William king greets William the bishop and Geoffrey the portreeve and all the citizens in London, French and English, in friendly fashion; and I inform you that it is my will that your laws and customs be preserved as they were in King Edward’s day, that every son be his father’s heir after his father’s death; and that I will not that any man do wrong to you. God yield you.¹
In other words: French and English people should live together in London in peace; that the city may continue to use the laws under which it had previously been governed; that the king would not dispute the inheritance of property; and that he would undertake to protect it from attack. Although a Norman, Bishop William had been appointed by Edward the Confessor prior to the conquest. Geoffrey the portreeve (tax collector) was a newly-arrived Norman. The document was written in English by a native scribe and contains William’s seal. Centuries later, during the Middle Ages, it became a tradition for the mayor and aldermen of London to visit St. Paul’s Cathedral to pray for the soul of Bishop William for his efforts in obtaining the charter from the King.
Despite the conquest, life in the city continued more or less uninterrupted as before, except that plots of land were given over to Norman noblemen. Ships continued to unload at Billingsgate, Dowgate and Garlickhythe, and the markets at Eastcheape and Westcheape remained busy and noisy. The oldest-surviving record of the names of London’s aldermen was written in around 1127 and shows that 60 years after the conquest the majority had English names. Although most of the town’s population of between ten and fifteen thousand were Saxon, it was a very cosmopolitan place where Normans, French, Norwegians, Danes, Germans and Flemings mingled.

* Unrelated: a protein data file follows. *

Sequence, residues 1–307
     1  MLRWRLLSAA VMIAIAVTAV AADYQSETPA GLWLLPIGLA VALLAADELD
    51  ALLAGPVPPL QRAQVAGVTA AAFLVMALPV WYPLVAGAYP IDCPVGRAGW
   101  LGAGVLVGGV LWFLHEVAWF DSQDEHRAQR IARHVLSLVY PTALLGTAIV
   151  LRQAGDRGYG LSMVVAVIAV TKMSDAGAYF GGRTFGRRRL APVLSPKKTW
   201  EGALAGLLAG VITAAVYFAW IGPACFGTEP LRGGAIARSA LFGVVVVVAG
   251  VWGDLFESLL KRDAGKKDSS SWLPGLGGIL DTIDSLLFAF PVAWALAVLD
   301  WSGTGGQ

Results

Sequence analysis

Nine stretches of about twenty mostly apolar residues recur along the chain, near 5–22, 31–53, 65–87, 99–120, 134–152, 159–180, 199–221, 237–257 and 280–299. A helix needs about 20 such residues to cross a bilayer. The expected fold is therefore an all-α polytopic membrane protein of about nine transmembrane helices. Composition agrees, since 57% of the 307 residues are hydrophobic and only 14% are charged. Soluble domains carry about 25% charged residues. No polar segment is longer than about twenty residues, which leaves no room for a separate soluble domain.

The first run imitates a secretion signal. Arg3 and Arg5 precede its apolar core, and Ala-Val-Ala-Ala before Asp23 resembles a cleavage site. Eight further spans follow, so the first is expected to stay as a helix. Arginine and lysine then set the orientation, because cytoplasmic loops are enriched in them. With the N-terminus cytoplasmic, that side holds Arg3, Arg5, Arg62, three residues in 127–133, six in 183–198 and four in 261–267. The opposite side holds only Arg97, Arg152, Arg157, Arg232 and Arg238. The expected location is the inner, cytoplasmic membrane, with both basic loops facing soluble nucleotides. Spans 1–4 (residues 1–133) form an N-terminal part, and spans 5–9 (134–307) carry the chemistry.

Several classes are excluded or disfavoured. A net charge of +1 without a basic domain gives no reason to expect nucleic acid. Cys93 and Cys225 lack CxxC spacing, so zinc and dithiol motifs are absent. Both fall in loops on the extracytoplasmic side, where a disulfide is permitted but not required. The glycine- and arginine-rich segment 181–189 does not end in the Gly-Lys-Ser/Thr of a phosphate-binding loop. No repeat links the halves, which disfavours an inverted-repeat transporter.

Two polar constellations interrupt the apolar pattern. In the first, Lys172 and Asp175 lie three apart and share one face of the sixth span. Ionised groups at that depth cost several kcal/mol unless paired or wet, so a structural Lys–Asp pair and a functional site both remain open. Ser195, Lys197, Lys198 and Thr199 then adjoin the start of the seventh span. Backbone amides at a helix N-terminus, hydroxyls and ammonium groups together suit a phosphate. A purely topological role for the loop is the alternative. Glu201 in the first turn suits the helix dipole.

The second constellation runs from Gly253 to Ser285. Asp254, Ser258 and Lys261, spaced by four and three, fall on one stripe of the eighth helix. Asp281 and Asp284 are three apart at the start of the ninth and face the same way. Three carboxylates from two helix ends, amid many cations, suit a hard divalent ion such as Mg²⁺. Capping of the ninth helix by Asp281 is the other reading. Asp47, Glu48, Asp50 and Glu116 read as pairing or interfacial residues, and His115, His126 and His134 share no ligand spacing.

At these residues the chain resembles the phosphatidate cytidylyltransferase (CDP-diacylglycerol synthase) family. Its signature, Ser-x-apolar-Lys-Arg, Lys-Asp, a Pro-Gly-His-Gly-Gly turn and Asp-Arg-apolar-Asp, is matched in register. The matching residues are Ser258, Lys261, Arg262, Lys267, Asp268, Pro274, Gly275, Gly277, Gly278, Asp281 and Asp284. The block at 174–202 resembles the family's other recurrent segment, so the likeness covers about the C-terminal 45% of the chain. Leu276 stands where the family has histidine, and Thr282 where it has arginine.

William knew of the importance of the Jews of Rouen in Normandy for finance and invited them to London. A Jewish Quarter began to grow to the south-east of the Guildhall where it remained for the next two centuries.
As part of the Norman empire, with royal links to Flanders, and without serious threat of attack from Vikings, London’s overseas trade flourished. New wharves were created along London’s riverbank, as well as a new parallel road, the modern-day Upper and Lower Thames Streets.